Christian Music - Reviews, News, Interviews

Wake Up Hints at Canopy Red's Potential

  • Lindsay Williams Contributing Writer
  • 2012 26 Jun
<i>Wake Up</i> Hints at Canopy Red's Potential

Artist: Canopy Red
Title: Wake Up
Label: Independent

Canopy Red delivers its first full-length album in line with mainstream pop/rock ...

In the vein of The Afters, Relient K, Hawk Nelson or The Fray, Tallahassee, Fla., trio Canopy Red delivers a healthy dose of straightforward pop/rock anthems on their debut full-length album, Wake Up, following their 2009 EP on Creative Soul Records. Produced by Rusty Varenkamp (Tenth Avenue North, Sanctus Real), the album is a wake-up call to make life count and live for something bigger.

The record begins with up-tempo opener “Wasting Time” and melds well into track two, “Disguise,” a call to live boldly and unashamed. Although other songs such as the cohesive “Sink or Swim,” the frenetic “Paralyzed” and the hyper title track all follow through with a successful pop/rock formula, it’s hard to distinguish one track from the next when listening to the collection from front to back. However, the clever song titles and solid lyrics expose unexpected maturity and definite opportunity for growth. Interestingly enough, it’s on the mid-tempo songs and ballads where Canopy Red reveals its latent potential.

“Forever,” “Won’t Let Go” and “If You’re Not with Me” are true gems in an otherwise colorless assembly of pop/rock tunes. Reverent and poetic, “Forever” could easily compete when stacked against any current modern praise and worship. “Won’t Let Go” comes as a surprise in the midst of the other upbeat tracks, displaying an emotive facet of the band; while the pleasant pop strains of “If You’re Not with Me” exhibit a sensitive side to these young men. “I don’t feel able if I’m not by Your feet,” the lyrics boast.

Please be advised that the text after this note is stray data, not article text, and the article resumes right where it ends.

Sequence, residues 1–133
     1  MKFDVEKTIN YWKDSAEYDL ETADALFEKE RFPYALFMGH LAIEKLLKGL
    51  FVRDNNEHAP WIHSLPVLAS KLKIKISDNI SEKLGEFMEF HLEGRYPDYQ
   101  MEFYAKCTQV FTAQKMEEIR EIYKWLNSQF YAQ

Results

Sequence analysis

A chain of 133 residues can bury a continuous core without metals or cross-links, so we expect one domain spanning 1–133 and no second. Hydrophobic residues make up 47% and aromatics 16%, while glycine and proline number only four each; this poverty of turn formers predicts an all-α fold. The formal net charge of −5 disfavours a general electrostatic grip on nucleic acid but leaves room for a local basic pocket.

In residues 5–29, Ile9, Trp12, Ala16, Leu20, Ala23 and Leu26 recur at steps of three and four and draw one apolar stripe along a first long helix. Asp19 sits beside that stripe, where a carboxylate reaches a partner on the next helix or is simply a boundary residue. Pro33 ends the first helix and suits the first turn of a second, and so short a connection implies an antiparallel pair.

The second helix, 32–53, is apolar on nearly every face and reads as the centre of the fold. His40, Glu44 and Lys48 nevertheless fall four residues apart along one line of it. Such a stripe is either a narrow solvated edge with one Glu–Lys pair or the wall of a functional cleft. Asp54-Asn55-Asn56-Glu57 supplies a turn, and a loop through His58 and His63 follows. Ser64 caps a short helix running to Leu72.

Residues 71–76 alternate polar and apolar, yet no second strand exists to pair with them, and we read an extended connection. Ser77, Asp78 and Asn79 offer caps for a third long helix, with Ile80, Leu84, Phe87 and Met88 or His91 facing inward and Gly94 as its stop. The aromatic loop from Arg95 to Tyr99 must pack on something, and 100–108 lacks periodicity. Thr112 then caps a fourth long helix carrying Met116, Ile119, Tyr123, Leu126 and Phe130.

Canopy Red skillfully balances vulnerability with the scene’s musical expectations. Their songs are respectable, both musically and lyrically. They aren’t trying too hard to be gimmicky, artistic or overtly stylish; and that’s commendable in a day and age when most bands are competing to be “the next big thing” in an overcrowded space.

Oftentimes, their lyrics remain neutral, leading the listener to ruminate on a variety of relationships, but the delivery is affecting enough that even the impartial lyrics point to the Divine. Final song “What I’m Waiting For” hearkens back to the band’s vulnerabilities in songwriting revealing vast potential. They hit the mark with their prayerful closing lyrics: “I can’t ignore the truth of what’s in store/It’s what I’m waiting for … I want to be the mirror of Your heart/So let my image reflect who You are.”

Canopy Red is sincere, and the 10 tracks on Wake Up are pleasant and enjoyable. It’s an album that leaves the listener wondering what the band’s next album might sound like because of the immeasurable untapped potential that doesn’t seem to have been fully unearthed yet.